Band members said that they are looking forward to rehearsals on the new practice field.

“I’m really grateful that we’re getting it so soon,” said Jaquavious Lee, a sophomore percussionist from Olive Branch. “The two years I’ve been here, we’ve practiced on a grass field that gets muddy and attracts bugs when it rains. I’m really excited about practicing on a better field.”

Brandon Mitchell, of Meridian, said the news seemed almost surreal.

“The idea of a new practice field has been talked about off and on the entire six years that I’ve been here,” said the graduate assistant, who will receive his master’s degree in music education at the May 7 Commencement ceremonies. “This is my last semester, so I won’t be around to enjoy it. Still, I’m happy for everyone behind me and that it’s finally happening.”

Dean Lee Cohen said the College of Liberal Arts acknowledges and appreciates the efforts of all involved and are proud of the growth that is occurring in the Department of Music.

“The Pride of the South marching band is integral to the University of Mississippi experience,” Cohen said. “This dedicated ensemble enhances the academic, cultural and athletic atmosphere for students, faculty, alumni and the community.”

Naming opportunities for the new practice field remain available. For more information and to make a donation, contact Robby Jolly, UM development officer, at rtjolly@olemiss.edu.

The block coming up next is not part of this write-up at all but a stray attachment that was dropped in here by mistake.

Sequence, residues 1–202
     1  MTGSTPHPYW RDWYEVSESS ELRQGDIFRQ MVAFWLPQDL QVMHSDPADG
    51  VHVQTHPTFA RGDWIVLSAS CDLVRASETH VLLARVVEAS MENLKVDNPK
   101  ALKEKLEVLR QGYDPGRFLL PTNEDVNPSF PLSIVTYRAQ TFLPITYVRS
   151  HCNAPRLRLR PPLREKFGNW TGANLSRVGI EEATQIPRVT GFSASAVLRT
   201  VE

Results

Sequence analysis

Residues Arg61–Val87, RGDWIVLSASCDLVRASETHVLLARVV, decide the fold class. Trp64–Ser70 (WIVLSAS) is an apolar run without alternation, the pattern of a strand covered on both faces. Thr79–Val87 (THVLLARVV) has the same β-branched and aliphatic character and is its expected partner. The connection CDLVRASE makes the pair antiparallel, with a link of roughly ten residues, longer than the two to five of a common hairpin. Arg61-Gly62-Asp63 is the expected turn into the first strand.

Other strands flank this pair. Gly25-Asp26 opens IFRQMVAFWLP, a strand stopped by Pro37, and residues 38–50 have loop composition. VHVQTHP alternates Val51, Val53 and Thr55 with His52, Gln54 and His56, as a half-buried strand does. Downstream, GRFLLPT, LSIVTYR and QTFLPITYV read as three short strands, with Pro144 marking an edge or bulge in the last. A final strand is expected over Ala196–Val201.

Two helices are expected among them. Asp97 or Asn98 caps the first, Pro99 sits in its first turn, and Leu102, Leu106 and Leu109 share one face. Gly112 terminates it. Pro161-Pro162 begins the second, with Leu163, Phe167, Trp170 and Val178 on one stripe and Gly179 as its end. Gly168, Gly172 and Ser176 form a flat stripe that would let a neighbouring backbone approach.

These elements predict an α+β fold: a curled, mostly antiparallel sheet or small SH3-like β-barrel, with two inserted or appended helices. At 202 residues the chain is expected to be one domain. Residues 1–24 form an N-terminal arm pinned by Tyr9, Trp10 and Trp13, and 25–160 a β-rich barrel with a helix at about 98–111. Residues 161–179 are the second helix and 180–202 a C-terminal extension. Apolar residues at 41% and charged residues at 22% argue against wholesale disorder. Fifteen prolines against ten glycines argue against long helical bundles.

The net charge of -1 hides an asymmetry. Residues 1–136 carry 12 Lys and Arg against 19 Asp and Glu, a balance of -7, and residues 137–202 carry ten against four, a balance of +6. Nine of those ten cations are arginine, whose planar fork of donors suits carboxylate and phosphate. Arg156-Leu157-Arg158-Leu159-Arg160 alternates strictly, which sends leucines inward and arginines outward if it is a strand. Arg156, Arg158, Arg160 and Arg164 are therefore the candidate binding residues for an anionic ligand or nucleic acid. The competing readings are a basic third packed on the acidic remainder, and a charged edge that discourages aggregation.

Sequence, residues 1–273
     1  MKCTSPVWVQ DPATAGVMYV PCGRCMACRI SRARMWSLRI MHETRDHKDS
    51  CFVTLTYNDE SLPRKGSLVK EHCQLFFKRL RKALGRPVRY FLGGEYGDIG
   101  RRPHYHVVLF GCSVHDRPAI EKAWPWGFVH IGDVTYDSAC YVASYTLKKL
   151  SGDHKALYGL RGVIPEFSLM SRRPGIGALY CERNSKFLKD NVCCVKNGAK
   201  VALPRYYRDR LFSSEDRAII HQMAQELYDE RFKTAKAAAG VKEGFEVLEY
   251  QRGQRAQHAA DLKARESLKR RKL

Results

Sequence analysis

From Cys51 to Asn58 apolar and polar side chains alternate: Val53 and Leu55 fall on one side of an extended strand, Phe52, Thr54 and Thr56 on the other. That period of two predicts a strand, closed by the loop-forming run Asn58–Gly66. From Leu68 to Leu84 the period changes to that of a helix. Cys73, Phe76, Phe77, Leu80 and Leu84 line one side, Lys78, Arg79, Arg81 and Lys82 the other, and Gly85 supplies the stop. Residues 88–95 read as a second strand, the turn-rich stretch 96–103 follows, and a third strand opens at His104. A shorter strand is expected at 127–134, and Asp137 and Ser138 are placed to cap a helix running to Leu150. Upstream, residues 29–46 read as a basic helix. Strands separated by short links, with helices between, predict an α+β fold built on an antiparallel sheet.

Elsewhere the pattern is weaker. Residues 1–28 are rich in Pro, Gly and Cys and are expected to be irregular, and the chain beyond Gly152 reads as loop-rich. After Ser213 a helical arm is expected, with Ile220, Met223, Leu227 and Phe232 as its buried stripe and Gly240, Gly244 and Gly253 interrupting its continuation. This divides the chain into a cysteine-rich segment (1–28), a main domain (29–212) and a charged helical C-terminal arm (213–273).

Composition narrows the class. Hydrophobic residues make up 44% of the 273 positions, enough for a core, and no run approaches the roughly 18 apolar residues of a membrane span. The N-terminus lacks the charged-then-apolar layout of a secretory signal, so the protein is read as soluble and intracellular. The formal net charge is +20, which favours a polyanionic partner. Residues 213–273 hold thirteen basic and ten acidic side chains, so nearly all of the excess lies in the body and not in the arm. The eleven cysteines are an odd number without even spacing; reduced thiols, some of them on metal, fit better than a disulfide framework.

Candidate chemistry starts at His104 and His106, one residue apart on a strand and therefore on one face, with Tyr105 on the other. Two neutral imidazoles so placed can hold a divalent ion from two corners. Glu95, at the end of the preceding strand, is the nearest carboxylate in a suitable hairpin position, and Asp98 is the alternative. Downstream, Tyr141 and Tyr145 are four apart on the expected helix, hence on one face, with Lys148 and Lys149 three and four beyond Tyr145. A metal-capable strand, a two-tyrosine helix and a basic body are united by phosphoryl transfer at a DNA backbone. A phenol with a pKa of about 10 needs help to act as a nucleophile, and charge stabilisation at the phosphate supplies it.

By Edwin B. Smith

The University of Mississippi’s Pride of the South marching band performs at halftime of the 2021 Ole Miss-Arkansas football game in Vaught-Hemingway Stadium. The university announced Wednesday (April 27) that it is moving forward to construct a new practice field for the band. Photo by Thomas Graning/Ole Miss Digital Imaging Services
Members of the Pride of the South marching band react to news that the University of Mississippi is moving forward to construct a new band practice field. Chancellor Glenn Boyce unveiled the plan to students, faculty and donors Wednesday (April 27) at the Ford Center. Photo by Thomas Graning/Ole Miss Digital Imaging Services
Chancellor Glenn Boyce announces that the University of Mississippi has committed funding for a new practice field for the Pride of the South marching band. Construction on the project, which includes storage, draining and a new director’s tower, is set to begin in August. Photo by Thomas Graning/Ole Miss Digital Imaging Services
The University of Mississippi’s Pride of the South marching band prepares to perform at halftime of the 2022 Allstate Sugar Bowl in New Orleans. Photo by Thomas Graning/Ole Miss Digital Imaging Services
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About the Author

The University of Mississippi, affectionately known as Ole Miss, is Mississippi’s flagship university. A member of the elite group of R1: Doctoral Universities - Highest Research Activity by the Carnegie Classification, Ole Miss has a long history of producing leaders in public service, business, academics and the professions. Its 16 academic divisions include a major medical school; nationally recognized schools of accountancy, law and pharmacy; and an Honors College acclaimed for a blend of academic rigor, experiential learning and opportunities for community action. Acclaimed as one of the nation’s most beautiful, Ole Miss's main campus is in Oxford, which is routinely recognized as one of the nation's best college towns.